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Copyright © 2012, Emerald Group Publishing Limited
Carbon nanotubes best for 3D electronics
Article Type: Industry news From: Microelectronics International, Volume 29, Issue 2
Researchers at Chalmers University of Technology have demonstrated that two stacked chips can be vertically interconnected with carbon nanotube vias through the chips. This new method improves possibilities for 3D integration of circuits, one of the most promising approaches for miniaturization and performance promotion of electronics.
3D integration is a hot field within electronics since it offers a new way to package components densely and thus build tiny, well-functioning units. When stacking chips vertically, the most effective way to interconnect them is with electrical interconnects that go through the chip (instead of being wired together at the edges) – what are known as through-silicon vias (TSVs).
The industry thus far has primarily used copper for this purpose; however, copper has several disadvantages that can limit the reliability of 3D electronics. Another major issue involves cooling when the chips get hot. The excellent thermal qualities of carbon nanotubes can play a decisive role in this respect.
Thus, a research team at Chalmers is working with carbon nanotubes as conductive material for TSVs. Carbon nanotubes – or tubes made of graphene whose walls are only one atom thick – are going to be the most reliable of all conductive materials if it is possible to use them on a large-scale. This is the opinion of Kjell Jeppsson, a member of the research team.
“Potentially, carbon nanotubes have much better properties than copper, both in terms of thermal and electrical conductivity”, he says. “Carbon nanotubes are also better suited for use with silicon from a purely mechanical point of view. They expand about the same amount as the surrounding silicon while copper expands more, which results in mechanical tension that can cause the components to break.”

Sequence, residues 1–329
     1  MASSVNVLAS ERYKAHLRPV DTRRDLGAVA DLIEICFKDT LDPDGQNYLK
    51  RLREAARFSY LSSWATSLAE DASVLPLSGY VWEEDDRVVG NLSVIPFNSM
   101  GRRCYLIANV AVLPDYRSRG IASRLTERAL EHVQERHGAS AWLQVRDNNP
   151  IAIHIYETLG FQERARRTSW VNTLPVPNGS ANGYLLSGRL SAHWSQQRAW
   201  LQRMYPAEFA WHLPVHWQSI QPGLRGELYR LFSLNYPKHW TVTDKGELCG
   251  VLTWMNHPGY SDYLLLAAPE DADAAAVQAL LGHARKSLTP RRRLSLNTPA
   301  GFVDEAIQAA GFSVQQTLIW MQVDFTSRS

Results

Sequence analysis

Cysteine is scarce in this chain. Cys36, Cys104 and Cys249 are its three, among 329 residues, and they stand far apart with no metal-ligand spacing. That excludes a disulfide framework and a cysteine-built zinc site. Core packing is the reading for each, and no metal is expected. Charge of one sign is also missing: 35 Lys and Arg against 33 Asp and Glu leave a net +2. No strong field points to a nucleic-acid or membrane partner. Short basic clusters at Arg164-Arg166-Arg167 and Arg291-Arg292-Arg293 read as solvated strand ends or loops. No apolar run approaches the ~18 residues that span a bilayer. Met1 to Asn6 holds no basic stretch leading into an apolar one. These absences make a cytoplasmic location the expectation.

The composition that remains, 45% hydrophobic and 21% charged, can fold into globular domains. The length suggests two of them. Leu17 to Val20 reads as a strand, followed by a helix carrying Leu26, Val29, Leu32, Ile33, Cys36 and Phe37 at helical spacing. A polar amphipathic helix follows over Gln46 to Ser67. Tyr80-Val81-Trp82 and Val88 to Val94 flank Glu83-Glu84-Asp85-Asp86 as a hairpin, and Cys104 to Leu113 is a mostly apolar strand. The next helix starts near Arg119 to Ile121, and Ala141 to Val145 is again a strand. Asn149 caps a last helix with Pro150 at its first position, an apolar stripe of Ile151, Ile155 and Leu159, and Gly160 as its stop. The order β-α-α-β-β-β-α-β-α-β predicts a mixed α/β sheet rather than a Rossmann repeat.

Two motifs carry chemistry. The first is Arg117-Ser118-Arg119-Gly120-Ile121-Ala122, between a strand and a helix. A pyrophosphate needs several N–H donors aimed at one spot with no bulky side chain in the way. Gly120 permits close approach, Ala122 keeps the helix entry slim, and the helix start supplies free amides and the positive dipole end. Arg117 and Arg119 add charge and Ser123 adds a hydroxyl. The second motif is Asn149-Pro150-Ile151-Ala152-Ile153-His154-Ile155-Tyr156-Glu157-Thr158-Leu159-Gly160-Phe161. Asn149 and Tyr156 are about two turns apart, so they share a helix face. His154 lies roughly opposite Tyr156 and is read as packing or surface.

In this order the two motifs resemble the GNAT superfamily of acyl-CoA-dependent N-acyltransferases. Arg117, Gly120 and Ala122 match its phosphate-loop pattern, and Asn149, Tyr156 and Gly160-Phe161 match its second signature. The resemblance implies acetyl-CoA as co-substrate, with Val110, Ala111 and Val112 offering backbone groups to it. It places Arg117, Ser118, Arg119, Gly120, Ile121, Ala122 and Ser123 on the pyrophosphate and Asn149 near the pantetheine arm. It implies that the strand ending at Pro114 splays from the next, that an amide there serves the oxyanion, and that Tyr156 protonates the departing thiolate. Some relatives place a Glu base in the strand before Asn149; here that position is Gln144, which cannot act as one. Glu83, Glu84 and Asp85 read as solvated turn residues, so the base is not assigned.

The researchers have demonstrated that two chips can be vertically interconnected with carbon nanotubes by TSV interconnects, and that the chips can be bonded. They have also demonstrated that the same method can be used for electrical interconnection between the chip and the package (Figure 1).
PhD student Teng Wang – who defends his thesis on December 12 – has worked on production. He has developed a technique to fill TSVs with thousands of carbon nanotubes. The chips are then bonded with an adhesive so that the carbon nanotubes are directly contacted and can thus conduct current through the chips.
“One difficulty involves producing carbon nanotubes with perfect properties and with the length we need to go through the chip,” he says. “We have produced tubes that are 200 μm long, which can be compared to the diameter which is only 10 nm. Their properties, however, are not yet perfect.”
For the method to be transferred to industrial production, manufacturing temperature needs to be reduced to a maximum of 450°. This is a great challenge since carbon nanotubes are currently “grown” at a minimum of 700°.
If successful, entirely new possibilities will arise for future shrinking of electronics – not least in terms of improved performance. The 3D integration using TSVs provides significantly quicker signal transfers than traditional integration where chips are placed next to each other. Furthermore, TSVs with carbon nanotubes provide less expensive production compared to the current technology that uses copper interconnects.
“There are several projects involving 3D integration underway in the industry, but there are potential problems with both cooling and reliability since they use copper,” says Kjell Jeppsson. “If our method works on a large-scale, I believe it will be in production within five years.”